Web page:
At the job center on Zvonimirova Street in downtown Zagreb, the women behind the counters efficiently process long rows of people. A young woman standing in line says she has to report to the job center once a month.

Krunoslav Ostojic, 43, is reading the employment ads outside the job center. He was born and went to school in Germany, and he later fought in the Yugoslav civil war. "I love my country," he says, "but I have to live." The job center once found him a position as a taxi driver for a company that was three months behind in paying its employees' wages.

Ostojic is waiting until July 1. "Then I'll leave," he says. A roofing company has offered him a job in Goslar, a town in the northern German state of Lower Saxony, but he is having problems with his German work permit. While Bulgarians and Romanians will be allowed to work in Germany without restrictions starting in 2014, the Croats will have to wait at least another two years.

Milan Končar lost his job as a logistics expert with Končar, an electronics company, in April. Next month, his unemployment benefits will decline to only 35 percent of his last after-tax wages, and after a year the benefits will cease altogether. His former employer is a semi-governmental company located in park-like surroundings in Zagreb. Končar's business includes building hydroelectric plants, generators and streetcars.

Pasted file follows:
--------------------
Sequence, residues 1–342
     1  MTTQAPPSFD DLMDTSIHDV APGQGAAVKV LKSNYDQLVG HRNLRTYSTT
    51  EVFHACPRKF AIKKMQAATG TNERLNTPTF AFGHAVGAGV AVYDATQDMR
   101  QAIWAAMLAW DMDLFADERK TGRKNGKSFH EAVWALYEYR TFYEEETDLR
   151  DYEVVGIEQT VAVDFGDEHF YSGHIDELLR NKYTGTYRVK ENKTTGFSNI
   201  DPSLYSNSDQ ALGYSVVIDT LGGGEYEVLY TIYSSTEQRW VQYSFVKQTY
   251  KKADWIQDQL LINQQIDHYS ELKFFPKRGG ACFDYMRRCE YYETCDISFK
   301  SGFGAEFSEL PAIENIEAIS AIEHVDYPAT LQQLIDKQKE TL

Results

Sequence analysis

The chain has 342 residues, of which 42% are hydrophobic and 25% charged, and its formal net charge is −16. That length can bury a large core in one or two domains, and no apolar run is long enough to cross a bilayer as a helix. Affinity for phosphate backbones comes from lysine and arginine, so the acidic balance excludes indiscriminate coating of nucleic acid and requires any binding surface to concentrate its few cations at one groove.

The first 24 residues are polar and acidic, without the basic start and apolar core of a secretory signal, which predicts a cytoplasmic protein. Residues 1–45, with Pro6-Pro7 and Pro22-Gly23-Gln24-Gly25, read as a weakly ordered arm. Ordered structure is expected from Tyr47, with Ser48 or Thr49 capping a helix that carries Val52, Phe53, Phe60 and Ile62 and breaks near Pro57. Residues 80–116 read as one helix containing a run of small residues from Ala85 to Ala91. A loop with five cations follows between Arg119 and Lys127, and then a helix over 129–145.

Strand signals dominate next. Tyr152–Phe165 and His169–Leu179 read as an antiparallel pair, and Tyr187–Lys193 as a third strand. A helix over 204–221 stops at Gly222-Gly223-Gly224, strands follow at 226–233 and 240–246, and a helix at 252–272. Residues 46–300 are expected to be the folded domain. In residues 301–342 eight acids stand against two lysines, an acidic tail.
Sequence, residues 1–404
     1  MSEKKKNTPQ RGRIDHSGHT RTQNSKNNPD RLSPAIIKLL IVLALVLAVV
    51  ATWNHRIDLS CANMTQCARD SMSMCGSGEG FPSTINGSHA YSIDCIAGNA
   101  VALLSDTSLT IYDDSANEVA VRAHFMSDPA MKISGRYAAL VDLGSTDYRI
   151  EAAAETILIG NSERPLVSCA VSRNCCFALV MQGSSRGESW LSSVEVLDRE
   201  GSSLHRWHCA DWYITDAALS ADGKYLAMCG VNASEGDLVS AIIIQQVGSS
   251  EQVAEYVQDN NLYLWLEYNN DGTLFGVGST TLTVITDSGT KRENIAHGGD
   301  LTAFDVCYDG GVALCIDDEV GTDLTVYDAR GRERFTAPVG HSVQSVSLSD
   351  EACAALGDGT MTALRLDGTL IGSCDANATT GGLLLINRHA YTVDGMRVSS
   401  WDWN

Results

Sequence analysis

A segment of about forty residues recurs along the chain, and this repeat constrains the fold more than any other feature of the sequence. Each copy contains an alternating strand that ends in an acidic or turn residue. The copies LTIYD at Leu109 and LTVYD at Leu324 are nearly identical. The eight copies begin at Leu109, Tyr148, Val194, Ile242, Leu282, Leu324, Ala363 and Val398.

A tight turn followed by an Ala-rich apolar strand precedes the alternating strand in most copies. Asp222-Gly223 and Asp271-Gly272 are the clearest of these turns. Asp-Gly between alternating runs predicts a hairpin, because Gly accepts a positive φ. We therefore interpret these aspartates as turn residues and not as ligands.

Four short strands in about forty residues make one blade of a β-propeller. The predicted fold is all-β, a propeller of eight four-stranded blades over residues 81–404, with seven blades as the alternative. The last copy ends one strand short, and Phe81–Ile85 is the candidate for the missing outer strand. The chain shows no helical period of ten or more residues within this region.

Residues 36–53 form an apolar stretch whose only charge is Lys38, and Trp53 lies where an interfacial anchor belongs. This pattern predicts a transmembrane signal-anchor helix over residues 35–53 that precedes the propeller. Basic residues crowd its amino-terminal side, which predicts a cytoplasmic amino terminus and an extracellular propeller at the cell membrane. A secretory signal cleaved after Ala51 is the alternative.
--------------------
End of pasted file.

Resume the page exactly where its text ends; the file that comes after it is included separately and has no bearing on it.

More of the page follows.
The future looks grim. Many Croatian companies have already lost the fight. Because of the relatively high wages and lack of investment in Croatia, they are hardly competitive in Europe. Even Greece, Bulgaria and Romania are in better shape, according to World Bank statistics.

Untapped Potential

Still, Croatia has a long industrial tradition and many well-trained workers. "In the medium term," writes Deutsche Bank in a new study, EU accession could give a new boost to the Croatian economy through improved access to European markets, provided the country finally addresses its structural problems.

On the other hand, Croatia doesn't sufficiently exploit its potential. Corruption remains widespread, and parts of the political elite defend their old perks. A third of the workforce is still employed in the public sector. Entire stretches of countryside are also uncultivated, partly because of bribery among regional officials.